12:36 am, July 12, 2009

Blogger Merseymike said...

I think the problem is that we have rather settled into a pattern of governments staying in power until they are exhausted and out of steam. The public then gets fed up with them and turfs them out.

I'd certainly agree that there is no enthusiasm for the Tories. But similarly, there's not much for Labour either. And whether you happen to agree or not, there are enough dissatisfied people who won't vote at all who may well let in the Tories.

Thing is, they won't vote because they are not happy with what Labour has become. And offering 'more of the same' won't do the trick.

That doesn't mean a wholesale swing to the extreme left, but it does mean looking critically at whether the directions being taken are the correct ones

1:58 am, July 12, 2009

Blogger ian said...

What will defeat Labour at the next election is the continuation with the very same policies that Messrs. Spellar and Akhurst support.
It really is that simple and Luke you are clearly delusional if you think otherwise. I am a lefty who fought long and hard for a socialist manifesto during the 80s and I seem to remember it was the SDP who caused the split when they tried to take their ball home. Spellar and the 'ejits' in Labour First want to impose their vote losing manifesto on the rest of the Labour Party and it seems to be them who want a long period in opposition.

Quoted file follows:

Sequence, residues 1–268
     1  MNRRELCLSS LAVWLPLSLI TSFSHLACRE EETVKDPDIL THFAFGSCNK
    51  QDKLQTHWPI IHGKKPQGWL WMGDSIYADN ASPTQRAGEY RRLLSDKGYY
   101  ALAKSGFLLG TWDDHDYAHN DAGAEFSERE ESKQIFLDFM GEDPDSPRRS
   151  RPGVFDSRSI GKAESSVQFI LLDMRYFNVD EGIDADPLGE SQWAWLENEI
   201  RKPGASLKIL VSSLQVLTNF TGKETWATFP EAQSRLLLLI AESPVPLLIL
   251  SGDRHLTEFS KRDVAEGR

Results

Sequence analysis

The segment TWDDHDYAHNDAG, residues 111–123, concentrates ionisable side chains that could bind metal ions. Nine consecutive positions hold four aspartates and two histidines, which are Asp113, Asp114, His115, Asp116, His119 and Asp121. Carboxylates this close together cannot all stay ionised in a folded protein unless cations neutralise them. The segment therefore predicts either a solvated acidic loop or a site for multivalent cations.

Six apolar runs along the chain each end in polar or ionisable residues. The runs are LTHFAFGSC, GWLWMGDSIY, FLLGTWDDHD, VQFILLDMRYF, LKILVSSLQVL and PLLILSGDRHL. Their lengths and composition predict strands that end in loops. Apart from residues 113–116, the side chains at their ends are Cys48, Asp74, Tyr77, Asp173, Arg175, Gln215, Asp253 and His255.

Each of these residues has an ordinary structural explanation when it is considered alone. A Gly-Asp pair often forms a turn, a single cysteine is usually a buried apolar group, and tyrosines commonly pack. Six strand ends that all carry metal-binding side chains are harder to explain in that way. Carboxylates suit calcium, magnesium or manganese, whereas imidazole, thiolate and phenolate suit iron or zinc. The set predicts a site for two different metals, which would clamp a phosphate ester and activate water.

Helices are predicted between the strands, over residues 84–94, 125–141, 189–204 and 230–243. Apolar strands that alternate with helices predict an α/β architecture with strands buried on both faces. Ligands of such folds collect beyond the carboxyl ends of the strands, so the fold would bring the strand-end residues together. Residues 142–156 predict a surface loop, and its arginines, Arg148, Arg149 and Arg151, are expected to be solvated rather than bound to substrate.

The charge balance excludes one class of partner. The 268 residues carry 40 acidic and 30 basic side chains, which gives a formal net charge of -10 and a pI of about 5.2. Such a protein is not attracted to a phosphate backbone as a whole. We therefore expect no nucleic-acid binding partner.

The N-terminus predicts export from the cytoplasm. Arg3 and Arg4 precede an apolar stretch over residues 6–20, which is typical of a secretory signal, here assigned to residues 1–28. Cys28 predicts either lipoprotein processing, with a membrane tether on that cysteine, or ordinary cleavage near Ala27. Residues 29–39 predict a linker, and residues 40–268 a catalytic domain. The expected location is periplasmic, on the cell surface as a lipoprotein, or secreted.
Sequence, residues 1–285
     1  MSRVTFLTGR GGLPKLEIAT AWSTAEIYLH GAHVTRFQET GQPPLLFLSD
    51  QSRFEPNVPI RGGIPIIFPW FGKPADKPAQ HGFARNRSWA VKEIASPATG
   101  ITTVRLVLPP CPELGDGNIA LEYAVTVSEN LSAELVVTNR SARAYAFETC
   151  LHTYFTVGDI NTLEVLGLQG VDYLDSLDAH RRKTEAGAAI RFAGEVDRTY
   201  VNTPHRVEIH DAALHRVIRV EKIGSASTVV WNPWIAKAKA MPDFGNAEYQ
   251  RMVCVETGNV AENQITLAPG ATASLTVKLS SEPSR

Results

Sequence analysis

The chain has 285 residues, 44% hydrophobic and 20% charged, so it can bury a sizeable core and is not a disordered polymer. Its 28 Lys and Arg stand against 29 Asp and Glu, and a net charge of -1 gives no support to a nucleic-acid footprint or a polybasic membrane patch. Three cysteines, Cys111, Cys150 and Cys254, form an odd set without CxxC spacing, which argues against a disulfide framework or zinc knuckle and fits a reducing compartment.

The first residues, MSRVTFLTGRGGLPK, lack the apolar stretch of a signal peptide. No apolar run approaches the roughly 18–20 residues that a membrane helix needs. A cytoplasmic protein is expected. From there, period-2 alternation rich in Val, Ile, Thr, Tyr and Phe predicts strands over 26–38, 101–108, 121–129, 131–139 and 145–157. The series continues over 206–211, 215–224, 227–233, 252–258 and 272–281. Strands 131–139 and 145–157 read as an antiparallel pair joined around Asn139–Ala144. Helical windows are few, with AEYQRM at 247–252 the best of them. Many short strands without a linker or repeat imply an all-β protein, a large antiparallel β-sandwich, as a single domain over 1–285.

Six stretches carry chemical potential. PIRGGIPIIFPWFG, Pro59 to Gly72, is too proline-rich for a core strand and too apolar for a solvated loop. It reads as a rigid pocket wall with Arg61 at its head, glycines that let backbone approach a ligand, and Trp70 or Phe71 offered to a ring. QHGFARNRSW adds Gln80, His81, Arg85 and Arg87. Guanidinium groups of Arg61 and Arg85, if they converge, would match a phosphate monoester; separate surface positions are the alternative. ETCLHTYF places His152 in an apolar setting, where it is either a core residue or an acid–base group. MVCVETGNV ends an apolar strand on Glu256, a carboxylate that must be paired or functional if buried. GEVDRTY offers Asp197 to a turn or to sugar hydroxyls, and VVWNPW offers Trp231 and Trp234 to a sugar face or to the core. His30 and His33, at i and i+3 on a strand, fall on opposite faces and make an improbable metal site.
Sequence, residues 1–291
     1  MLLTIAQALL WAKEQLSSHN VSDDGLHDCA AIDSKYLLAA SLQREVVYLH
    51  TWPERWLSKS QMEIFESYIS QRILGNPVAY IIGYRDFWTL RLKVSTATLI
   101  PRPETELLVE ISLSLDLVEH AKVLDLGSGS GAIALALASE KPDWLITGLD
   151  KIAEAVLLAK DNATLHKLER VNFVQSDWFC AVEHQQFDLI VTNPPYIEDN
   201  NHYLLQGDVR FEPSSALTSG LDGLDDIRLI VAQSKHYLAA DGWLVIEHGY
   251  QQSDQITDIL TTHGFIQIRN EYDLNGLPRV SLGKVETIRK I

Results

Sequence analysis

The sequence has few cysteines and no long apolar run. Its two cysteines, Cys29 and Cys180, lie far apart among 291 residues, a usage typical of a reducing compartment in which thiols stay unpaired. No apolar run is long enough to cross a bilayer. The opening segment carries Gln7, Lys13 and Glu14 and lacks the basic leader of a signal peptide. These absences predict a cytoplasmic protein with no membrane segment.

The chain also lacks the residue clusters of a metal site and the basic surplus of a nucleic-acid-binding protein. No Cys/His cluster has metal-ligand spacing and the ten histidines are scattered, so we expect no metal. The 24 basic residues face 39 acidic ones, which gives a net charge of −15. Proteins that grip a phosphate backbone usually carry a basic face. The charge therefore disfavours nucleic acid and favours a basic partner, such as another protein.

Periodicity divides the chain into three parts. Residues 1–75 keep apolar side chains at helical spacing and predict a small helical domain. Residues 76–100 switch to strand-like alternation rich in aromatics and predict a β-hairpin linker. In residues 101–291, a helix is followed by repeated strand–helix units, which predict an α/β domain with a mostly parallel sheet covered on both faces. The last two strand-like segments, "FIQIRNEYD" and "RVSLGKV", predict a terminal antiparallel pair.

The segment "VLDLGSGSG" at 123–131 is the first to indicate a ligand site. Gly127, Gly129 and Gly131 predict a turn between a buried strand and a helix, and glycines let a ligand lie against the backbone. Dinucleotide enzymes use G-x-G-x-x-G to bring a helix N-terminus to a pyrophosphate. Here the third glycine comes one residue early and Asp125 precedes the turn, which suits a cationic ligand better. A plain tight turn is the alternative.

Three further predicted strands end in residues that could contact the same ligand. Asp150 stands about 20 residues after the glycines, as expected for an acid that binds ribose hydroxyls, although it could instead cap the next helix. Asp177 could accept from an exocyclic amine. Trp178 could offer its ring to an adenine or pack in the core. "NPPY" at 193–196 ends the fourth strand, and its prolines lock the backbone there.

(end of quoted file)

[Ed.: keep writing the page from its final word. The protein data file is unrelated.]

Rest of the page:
3:08 pm, July 12, 2009

Blogger Left Lib said...

I have to laugh at the reference to the Tories and Lib Dems making mistakes. Compared to who, the Labour party???
"New" Labour is now old and the party has to start again, because for now it is heading to oblivian

9:22 pm, July 12, 2009

Anonymous Anonymous said...

Spellar was just another Tory fascist careerist in the LP, as he tried to take away workers democratic right to strike!

9:26 pm, July 12, 2009

Blogger Falco said...

"the inevitability of defeat at the next General Election which is not based on the data"

Have you sought help to treat your delusions? I don't mean to sound cruel but bar Gordon revealing himself as a cunningly disguised second coming there is no hope whatsoever of the LP remaining in government past the next election.

11:13 pm, July 15, 2009

Anonymous Neil F said...

I thought it was a good speech and made some important points. I really see it as factional.

3:26 am, July 16, 2009

Anonymous Neil F said...

Sorry that should have read 'I DIDN't see it as factional'!

3:27 am, July 16, 2009


Post a Comment

Links to this post:

Create a Link

<< Home

Free Hit Counters
OfficeDepot Discount